Pregnant women can safely travel by air at any point during their pregnancy if it is uncomplicated, according to Committee Opinion issued by non-commercial organization American College of Obstetricians and Gynecologists. The revised guidelines will be published in the October issue of Obstetrics & Gynecology. William Barth, MD, of Massachusetts General Hospital in Boston claims that a series of studies conducted since 2001 showed that air travel was safe for women with uncomplicated pregnancies.
Dr. Barth noted that questions about air travel safety are among the most frequently asked by pregnant women.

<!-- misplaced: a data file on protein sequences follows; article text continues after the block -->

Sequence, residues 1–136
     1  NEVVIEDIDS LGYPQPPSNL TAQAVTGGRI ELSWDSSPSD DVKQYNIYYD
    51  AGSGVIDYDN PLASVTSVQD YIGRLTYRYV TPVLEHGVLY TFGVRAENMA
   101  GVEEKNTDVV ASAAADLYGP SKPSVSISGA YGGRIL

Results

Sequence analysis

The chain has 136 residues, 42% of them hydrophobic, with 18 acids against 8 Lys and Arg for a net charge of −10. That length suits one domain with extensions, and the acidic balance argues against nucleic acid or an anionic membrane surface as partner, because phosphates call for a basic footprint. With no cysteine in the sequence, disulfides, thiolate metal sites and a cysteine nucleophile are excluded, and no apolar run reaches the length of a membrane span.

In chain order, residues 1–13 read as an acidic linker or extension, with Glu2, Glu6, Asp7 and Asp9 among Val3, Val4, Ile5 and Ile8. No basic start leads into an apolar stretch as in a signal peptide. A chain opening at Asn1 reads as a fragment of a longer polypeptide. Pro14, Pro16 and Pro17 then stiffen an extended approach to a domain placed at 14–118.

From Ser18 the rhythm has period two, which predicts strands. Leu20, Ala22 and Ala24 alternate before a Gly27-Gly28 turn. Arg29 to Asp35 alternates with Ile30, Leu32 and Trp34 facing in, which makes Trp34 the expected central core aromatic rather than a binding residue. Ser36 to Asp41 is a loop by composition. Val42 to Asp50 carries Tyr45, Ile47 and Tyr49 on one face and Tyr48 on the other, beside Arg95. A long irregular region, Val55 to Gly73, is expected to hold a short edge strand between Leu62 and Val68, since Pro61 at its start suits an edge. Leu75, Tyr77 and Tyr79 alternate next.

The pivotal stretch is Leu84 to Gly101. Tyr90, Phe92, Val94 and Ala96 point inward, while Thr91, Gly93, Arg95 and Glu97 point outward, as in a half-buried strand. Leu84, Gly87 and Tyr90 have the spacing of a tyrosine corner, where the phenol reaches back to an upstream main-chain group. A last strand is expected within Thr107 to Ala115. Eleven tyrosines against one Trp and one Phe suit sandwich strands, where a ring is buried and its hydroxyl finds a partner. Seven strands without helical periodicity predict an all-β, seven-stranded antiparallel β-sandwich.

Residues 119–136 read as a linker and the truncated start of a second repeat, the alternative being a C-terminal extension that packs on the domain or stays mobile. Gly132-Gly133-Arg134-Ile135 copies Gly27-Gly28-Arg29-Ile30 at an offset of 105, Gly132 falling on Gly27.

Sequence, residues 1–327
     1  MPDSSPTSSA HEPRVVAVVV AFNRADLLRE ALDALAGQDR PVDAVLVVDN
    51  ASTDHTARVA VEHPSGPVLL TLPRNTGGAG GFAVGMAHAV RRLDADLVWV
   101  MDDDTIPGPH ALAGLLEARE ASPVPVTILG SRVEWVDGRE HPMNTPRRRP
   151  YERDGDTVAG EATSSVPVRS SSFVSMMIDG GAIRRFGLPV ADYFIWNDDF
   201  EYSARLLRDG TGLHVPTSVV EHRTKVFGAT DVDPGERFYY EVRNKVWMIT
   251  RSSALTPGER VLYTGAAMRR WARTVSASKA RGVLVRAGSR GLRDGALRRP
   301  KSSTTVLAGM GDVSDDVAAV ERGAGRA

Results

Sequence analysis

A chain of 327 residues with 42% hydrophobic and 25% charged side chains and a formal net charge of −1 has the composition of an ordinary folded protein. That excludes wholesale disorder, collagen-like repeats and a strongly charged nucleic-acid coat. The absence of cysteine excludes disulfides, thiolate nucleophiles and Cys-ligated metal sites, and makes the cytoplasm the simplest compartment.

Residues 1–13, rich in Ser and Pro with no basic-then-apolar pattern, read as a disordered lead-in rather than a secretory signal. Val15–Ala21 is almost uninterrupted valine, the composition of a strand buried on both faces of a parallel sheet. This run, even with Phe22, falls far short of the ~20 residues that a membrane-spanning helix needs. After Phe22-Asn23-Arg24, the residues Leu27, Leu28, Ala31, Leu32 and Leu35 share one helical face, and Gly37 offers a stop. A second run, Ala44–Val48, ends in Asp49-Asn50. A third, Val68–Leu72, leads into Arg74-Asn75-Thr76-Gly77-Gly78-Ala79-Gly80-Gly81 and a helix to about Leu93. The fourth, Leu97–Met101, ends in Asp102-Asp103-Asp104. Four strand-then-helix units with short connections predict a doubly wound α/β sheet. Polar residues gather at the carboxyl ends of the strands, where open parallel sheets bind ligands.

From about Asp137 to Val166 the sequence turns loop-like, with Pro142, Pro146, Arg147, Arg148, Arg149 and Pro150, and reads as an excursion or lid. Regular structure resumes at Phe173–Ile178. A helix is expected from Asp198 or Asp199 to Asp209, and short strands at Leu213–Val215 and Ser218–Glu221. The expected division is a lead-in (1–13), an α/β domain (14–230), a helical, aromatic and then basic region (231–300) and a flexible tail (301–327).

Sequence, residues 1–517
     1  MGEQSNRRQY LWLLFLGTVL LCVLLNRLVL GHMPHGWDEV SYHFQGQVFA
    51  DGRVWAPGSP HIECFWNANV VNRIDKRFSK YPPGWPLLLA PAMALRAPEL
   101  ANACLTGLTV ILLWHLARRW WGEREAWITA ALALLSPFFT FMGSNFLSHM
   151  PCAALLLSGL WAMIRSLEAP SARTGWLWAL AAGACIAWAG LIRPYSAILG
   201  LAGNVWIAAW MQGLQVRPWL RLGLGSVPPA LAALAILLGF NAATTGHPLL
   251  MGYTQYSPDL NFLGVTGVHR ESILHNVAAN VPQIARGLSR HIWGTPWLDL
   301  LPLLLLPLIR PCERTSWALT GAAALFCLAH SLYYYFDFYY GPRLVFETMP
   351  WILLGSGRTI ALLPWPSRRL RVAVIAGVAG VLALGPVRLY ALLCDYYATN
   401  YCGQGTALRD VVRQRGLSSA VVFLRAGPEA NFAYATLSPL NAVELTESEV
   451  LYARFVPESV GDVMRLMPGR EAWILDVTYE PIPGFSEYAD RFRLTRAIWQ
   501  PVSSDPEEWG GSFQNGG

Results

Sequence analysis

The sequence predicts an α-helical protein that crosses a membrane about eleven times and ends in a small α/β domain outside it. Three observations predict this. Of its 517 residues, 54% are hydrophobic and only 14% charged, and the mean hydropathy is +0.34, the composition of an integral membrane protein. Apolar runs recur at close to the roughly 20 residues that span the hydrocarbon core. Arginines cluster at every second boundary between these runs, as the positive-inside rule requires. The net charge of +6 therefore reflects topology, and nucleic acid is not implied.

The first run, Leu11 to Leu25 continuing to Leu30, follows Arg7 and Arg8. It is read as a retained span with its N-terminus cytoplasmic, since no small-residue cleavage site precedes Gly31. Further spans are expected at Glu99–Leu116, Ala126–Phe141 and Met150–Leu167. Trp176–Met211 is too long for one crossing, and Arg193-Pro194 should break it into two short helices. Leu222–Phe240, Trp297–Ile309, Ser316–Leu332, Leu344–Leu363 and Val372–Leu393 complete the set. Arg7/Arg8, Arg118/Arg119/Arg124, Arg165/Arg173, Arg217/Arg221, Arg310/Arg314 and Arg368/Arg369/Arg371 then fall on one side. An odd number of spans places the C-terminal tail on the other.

Experts at the ACOG remind expectant moms to follow basic safety requirements applied to all airline passengers. For example, to prevent blood clots, pregnant women should move their legs occasionally, avoid tight fitting clothing, stay hydrated as well as get out of the seat and walk along the aisle.
Moreover, pregnant women should fasten their seatbelts and avoid consuming gas-producing foods and drinks.
Experts encourage pregnant women who might need emergency care not to fly in any stage of pregnancy.
Source of the image: sxc.hu/profile/elessar_x.